Everything You Need to Know about Hypoxia

Hypoxia is a condition that can occur when the body or brain doesn't receive enough oxygen. Although rare, it can be deleterious and life-threatening if not treated. This article post will discuss the causes and symptoms of Hypoxia and how it's treated. By understanding Hypoxia, you can be better equipped to identify and respond to potential hazards.

What is Hypoxia, and what are its symptoms?

It is a harmful condition in which the body or a region of the body is deprived of ample oxygen supply at the tissue level. When Hypoxia is severe, it can lead to organ damage and even death. Long term Hypoxia is usually without obvious symptoms, but when Hypoxia is sudden or severe, the body tries to compensate for the lack of oxygen by breathing more rapidly and raising the heart rate to deliver blood to tissue more quickly. Such reactions lead to symptoms such as shortness of breath, and a racing heart rate. In more severe cases, when these reactions fail to increase tissue oxygenation adequately, the organs struggle with low oxygen supply and cause organ malfunction, leading to symptoms of confusion, dizziness, chest pain, headaches, nausea and even fainting spells.

The diseases that can be associated with Hypoxia are:
• Chronic obstructive pulmonary disease (COPD)
• Asthma
• Lung cancer
• Pneumonia
• Obstructive Sleep Apnea Syndrome (OSAS)
• Anemia
• Shock
• Myocardial infarction (heart attack)
• Chronic heart failure
• Angina pectoris
• Pulmonary embolism
• Stroke

How does Hypoxia occur, and who is at risk?

Hypoxia occurs when the body is short of oxygen. This shortage can occur from factors affecting different steps of the oxygen supply chain.

It can be due to low oxygen levels in the air supply, such as at high altitudes, inside air-conditioned rooms or in places with severe air pollution. The oxygen shortage can also be due to obstruction of the airway that prevents normal air flow into the lungs, this can occur with any disease that blocks air flow. e.g. blocked nose, bronchitis, asthma.

Damaged lung tissue from pneumonia, smoking, COPD or COVID-19 infection, can impede oxygen extraction from air in the lungs. Anemia or other blood disorders such as thalassemia, often lead to tissue Hypoxia because the insufficient or abnormal hemoglobin (oxygen carrier pigment in red blood cells) fails to carry enough oxygen in the bloodstream, leading to poor oxygen supply to the tissues.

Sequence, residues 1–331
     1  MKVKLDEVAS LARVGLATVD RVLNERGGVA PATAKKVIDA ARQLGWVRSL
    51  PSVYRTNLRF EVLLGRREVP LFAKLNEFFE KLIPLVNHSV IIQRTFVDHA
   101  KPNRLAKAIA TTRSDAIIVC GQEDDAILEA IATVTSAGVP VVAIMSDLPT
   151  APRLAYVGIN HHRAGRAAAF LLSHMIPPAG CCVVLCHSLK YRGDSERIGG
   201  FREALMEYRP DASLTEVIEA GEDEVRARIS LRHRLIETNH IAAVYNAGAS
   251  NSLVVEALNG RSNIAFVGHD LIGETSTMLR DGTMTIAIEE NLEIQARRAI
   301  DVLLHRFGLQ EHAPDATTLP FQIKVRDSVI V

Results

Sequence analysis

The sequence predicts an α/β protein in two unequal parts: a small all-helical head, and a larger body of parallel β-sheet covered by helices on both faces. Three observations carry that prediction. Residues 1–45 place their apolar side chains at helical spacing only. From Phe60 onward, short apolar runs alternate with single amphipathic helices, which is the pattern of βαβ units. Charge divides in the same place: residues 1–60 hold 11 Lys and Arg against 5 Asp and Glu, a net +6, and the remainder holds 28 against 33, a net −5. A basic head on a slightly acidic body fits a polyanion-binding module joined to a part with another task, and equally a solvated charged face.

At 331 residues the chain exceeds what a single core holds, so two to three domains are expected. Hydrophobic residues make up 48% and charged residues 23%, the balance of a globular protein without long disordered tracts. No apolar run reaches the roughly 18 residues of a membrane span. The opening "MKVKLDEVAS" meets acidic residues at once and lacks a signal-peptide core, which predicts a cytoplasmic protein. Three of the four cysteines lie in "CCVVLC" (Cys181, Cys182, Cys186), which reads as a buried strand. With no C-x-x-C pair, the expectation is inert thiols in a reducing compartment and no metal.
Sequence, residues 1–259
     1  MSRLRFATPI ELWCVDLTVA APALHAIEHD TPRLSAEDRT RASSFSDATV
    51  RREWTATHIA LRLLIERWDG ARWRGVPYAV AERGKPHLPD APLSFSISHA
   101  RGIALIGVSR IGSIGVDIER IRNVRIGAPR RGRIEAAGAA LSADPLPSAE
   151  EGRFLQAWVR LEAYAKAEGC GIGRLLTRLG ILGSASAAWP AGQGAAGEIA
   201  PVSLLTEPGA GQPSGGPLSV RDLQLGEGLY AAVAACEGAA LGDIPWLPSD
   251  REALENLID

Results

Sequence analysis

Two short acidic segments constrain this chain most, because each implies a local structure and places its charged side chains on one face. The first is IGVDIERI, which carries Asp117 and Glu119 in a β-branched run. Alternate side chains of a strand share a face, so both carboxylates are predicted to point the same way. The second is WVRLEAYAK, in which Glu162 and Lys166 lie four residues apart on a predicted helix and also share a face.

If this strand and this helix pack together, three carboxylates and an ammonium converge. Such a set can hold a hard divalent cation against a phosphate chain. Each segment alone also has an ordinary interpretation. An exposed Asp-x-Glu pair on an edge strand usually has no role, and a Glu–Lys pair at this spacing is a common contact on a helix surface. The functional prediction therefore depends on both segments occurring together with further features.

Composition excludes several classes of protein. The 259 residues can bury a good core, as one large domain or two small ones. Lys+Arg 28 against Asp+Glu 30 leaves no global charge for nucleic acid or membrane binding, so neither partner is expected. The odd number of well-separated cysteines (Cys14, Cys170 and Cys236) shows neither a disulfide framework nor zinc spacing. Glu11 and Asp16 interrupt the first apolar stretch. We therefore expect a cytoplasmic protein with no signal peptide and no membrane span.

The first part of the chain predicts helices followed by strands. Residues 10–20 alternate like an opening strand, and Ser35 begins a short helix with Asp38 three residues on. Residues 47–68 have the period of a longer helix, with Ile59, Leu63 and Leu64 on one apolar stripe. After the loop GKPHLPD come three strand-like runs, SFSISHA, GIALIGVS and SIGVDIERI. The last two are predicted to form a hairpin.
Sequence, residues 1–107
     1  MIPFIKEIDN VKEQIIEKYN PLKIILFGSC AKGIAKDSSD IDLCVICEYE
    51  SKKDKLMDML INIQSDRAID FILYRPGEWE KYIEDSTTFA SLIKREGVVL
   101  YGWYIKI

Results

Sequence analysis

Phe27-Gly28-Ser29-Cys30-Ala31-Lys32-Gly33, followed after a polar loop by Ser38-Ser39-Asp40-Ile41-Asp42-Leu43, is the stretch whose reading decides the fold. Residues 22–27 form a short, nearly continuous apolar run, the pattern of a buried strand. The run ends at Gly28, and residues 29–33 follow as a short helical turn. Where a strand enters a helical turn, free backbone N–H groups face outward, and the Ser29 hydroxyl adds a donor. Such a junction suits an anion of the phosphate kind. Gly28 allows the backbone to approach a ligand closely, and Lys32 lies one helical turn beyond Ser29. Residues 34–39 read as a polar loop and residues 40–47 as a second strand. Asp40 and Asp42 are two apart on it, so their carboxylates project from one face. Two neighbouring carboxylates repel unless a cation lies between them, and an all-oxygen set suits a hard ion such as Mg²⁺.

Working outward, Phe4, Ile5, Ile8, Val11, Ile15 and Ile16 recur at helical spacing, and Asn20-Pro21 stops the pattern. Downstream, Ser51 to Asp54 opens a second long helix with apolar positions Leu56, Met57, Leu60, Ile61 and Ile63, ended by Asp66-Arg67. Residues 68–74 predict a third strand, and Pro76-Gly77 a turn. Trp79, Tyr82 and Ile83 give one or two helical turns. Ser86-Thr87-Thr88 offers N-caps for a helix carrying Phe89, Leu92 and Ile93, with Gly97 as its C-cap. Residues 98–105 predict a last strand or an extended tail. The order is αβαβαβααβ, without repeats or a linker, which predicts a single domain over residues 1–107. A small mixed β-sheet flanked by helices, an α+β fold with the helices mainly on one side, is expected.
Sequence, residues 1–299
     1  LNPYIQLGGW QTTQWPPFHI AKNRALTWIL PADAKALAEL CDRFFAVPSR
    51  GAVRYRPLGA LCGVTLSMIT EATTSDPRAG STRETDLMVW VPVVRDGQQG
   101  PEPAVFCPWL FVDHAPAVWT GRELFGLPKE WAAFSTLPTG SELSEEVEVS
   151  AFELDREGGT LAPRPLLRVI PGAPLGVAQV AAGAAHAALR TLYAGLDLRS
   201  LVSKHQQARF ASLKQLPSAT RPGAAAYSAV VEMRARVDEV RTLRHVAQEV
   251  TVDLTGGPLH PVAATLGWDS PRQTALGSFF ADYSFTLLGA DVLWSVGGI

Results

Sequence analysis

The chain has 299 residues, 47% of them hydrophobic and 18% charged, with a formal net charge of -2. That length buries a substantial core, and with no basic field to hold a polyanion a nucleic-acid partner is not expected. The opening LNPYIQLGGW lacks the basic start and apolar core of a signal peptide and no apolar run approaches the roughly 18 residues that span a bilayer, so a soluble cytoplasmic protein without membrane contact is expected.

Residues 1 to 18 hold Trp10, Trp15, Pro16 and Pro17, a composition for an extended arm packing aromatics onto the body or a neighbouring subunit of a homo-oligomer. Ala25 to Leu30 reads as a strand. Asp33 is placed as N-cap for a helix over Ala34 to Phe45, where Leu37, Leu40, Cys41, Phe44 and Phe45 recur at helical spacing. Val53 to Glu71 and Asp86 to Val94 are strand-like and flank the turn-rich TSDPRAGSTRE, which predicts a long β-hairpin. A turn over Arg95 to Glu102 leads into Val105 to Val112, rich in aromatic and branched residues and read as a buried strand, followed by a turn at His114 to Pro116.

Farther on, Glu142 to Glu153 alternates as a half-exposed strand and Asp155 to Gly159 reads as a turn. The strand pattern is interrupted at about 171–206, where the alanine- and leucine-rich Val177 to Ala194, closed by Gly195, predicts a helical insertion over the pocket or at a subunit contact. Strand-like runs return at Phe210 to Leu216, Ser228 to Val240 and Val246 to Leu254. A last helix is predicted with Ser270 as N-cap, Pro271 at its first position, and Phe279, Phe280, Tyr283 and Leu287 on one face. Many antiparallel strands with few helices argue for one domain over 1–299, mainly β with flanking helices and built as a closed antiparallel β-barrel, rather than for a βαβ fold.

Finally, poor blood supply due to heart disease (failure of blood pump) or blocked blood vessels is another factor that prevents delivery of the oxygen carried in the blood to the tissues, causing tissue Hypoxia. As you can see, so many factors cause Hypoxia and many people encounter one or several of these factors. When oxygen levels in the body tissues drop, the body's cells cannot function properly and organ malfunction occurs. If left untreated, Hypoxia can be fatal.

If left untreated, Hypoxia can be fatal.

Long-term effects of Hypoxia on the body and mind

The long-term effects of Hypoxia are insidious and have been associated with degenerative changes and cancer.

Hypoxia to the brain over extended periods have been shown to cause cognitive difficulties and dementia. Hypoxia has been consistently associated with cancer. In 2019, three scientists; Peter Ratcliffe, Gregg Semenza and William Kaelin jointly won the Nobel Prize for discovering how long-term Hypoxia and cancerous changes in cells.

While short-term Hypoxia may cause uncomfortable symptoms, long-term Hypoxia produces far more serious conditions in the body and mind.

What treatments are available for people with Hypoxia, and are they suitable for you?

Various treatments are available for people with Hypoxia, depending on the severity of the condition and the disease factors causing the Hypoxia.

Oxygen therapy is a standard treatment for Hypoxia, which commonly involves breathing in pure oxygen through a mask or nasal cannula. This can help to increase oxygen levels in the blood and improve symptoms.

In more severe cases, oxygen may be delivered by mechanical high-pressure ventilators that push oxygen into the lungs. More aggressive treatments may also be necessary if the heart of lungs fail to function, and the condition is life-threatening. These can include extracorporeal membrane oxygenation (ECMO), which mechanically pumps oxygen into the blood which is diverted into a machine oxygenator device outside the body where a ‘mechanical heart and lung’ completely takes over the function of the person’s own heart and lungs. There is also hyperbaric oxygen therapy (HBOT) where high atmospheric pressure forces greater oxygen solubility into the whole body’s tissue fluid, thereby enabling oxygenation of every tissue cell.

While there is no cure for Hypoxia, treatment can help to improve symptoms and quality of life. However, it is noteworthy that these conventional oxygen therapy measures are inconvenient, expensive, risky and often come with serious side effects. So, doctors will only prescribe these oxygen therapies for you if your condition is life threatening. Using these drastic methods for health maintenance is not suitable.

How can you prevent yourself or someone you know from developing Hypoxia?

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  1. Bhutta. (2022, May 8). Hypoxia. https://pubmed.ncbi.nlm.nih.gov/29493941
  2. Bhutta, B. S., Faysal Alghoula, & Ilya Berim. (2022, May 8). Hypoxia. Nih.gov; StatPearls Publishing. https://www.ncbi.nlm.nih.gov/books/NBK482316/
  3. Khoo J, Hagemeyer CE, Henstridge DC, Kumble S, Wang T-Y, Xu R, et al. (2021) Effects of water stably-enriched with oxygen as a novel method of tissue oxygenation on mitochondrial function, and as adjuvant therapy for type 2 diabetes in a randomized placebo-controlled trial. PLoS ONE 16(7): e0254619. https://doi.org/10.1371/journal.pone.0254619